Brown Roofs and Biodiversity
The key driving force behind the specification of brown roofs is the desire to encourage biodiversity. For this reason, brown roofs and biodiversity can be said go hand in hand - in fact, brown roofs are often described as 'biodiverse roofs.'
What is Biodiversity?
'Biodiversity' or 'biological diversity' can be defined as 'the totality of genes, species, and ecosystems in a region.' The Convention on Biological Diversity gives the following definition of 'biodiversity':
"The variability among living organisms from all sources including, inter alia, terrestrial, marine and other aquatic ecosystems and the ecological complexes of which they are part; this includes diversity within species, between species and of ecosystems."
It is widely accepted that the world is losing biodiversity as a result of human activity. This is generally regarded as a negative trend as biodiversity provides a number of important benefits:
- Agriculture - High levels of biodiversity reduce dependence on individual strains of crops which might be attacked by disease (e.g. Irish potato blight).
- Science and Medicine - Many important drugs have been synthesised from chemicals found in plants. High levels of biodiversity maximise the selection of plants that scientists can screen for potential new drugs.
- Materials - A high proportion of materials are derived directly or indirectly from biological resources - e.g. timber, plastics, rubber, fabrics.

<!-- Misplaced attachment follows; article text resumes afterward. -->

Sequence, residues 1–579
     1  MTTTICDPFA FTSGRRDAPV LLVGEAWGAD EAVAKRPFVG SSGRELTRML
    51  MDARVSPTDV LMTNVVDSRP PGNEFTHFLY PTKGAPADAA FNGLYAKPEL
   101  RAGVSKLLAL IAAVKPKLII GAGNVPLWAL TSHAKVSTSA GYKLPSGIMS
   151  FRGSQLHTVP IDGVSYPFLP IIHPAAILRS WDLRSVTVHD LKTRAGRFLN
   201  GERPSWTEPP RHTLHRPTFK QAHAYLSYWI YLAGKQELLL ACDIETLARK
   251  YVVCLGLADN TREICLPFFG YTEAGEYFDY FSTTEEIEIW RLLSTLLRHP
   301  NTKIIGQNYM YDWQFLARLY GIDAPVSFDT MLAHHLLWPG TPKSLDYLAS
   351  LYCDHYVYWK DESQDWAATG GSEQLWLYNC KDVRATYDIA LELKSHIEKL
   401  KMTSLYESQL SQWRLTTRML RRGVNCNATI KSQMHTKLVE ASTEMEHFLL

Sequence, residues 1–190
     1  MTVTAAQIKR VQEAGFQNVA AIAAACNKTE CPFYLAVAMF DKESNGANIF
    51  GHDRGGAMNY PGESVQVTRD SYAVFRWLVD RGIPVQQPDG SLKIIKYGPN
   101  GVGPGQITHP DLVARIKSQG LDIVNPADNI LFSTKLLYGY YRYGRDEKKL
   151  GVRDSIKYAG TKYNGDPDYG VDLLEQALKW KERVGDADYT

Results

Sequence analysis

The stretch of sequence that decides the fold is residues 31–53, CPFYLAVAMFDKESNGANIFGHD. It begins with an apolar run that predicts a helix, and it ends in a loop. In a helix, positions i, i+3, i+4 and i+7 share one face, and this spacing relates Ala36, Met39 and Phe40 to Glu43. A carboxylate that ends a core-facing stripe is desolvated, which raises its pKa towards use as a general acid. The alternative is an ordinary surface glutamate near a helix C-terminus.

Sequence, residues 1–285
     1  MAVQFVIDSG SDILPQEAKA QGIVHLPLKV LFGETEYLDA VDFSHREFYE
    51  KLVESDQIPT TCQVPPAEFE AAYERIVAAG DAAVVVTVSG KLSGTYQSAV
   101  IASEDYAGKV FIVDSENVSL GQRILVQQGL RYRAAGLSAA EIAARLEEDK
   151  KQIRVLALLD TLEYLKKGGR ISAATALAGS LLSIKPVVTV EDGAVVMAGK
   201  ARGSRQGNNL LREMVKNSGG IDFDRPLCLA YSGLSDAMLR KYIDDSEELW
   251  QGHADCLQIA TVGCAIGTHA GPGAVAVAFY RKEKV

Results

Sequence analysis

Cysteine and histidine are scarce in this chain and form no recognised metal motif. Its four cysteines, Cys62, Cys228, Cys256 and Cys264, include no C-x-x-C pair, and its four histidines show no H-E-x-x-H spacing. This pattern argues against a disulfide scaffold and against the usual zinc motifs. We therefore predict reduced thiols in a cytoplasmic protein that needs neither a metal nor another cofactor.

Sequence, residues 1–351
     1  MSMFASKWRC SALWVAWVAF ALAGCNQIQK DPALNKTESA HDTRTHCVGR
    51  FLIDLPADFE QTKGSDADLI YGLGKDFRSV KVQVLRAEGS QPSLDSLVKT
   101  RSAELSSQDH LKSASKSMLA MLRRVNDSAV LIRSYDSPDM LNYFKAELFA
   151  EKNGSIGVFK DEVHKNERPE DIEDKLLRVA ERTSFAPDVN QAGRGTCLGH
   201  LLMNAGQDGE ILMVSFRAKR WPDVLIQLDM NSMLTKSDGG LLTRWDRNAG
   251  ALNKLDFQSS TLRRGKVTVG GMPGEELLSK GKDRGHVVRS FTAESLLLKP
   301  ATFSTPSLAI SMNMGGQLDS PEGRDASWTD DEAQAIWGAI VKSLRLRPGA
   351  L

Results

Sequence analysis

- Ecosystem - Human activities that impact negatively on biodiversity can have a disproportionately large impact - e.g. due to the effect on animals further up the food chain.
- Cultural and Aesthetic Value - The unmeasurable value of experiencing the world in which we live and helping to preserve it.
Government Initiatives to Encourage Biodiversity
Due to the widely-held belief in the necessity to encourage biodiversity Governments and organisations around the world have sought to introduce frameworks to encourage biodiversity. At the Rio Earth Summit in 1992 the "Convention on Biological Diversity" (CBD) was adopted and set the target of achieving by 2010 "a significant reduction of the current rate of biodiversity loss at the global, regional and national level as a contribution to poverty alleviation and to the benefit of all life on earth." There are a number of European and UK Government policies that have been adopted to try and meet the targets set in the CBD. In the UK the most important of these is probably the UK Biodiversity Action Plan, details of which can be found on the UKBAP website. Most local authorities in the United Kingdom also have their own local biodiversity action plans which are focused on local needs.
How do Brown Roofs Encourage Biodiversity?
Brown roofs are can encourage biodiversity in a number of different ways:
- Compensating for loss of brownfield habitat: When a building is built on a brownfield site, soil and rubble can be set to one side and used as the brown roof substrate. This soil and rubble should be able to provide a rooftop habitat for the flora and fauna that inhabited the site before the construction of the building.
- Selection: The type of vegetation and features on the roof can be tailored specifically to the area or to a particular species of plant or animal
if required. This is particularly important in inner city areas and redeveloping areas where habitats are lost.
- Protection: Having a habitat on a roof means that any particularly vulnerable species are protected from animal or human interference on the ground.
- Location: Brown roofs can be used to introduce areas of vegetation to otherwise barren places, the perfect example being the inner city. Increasing biodiversity in inner cities has many benefits, including an improvement in air quality.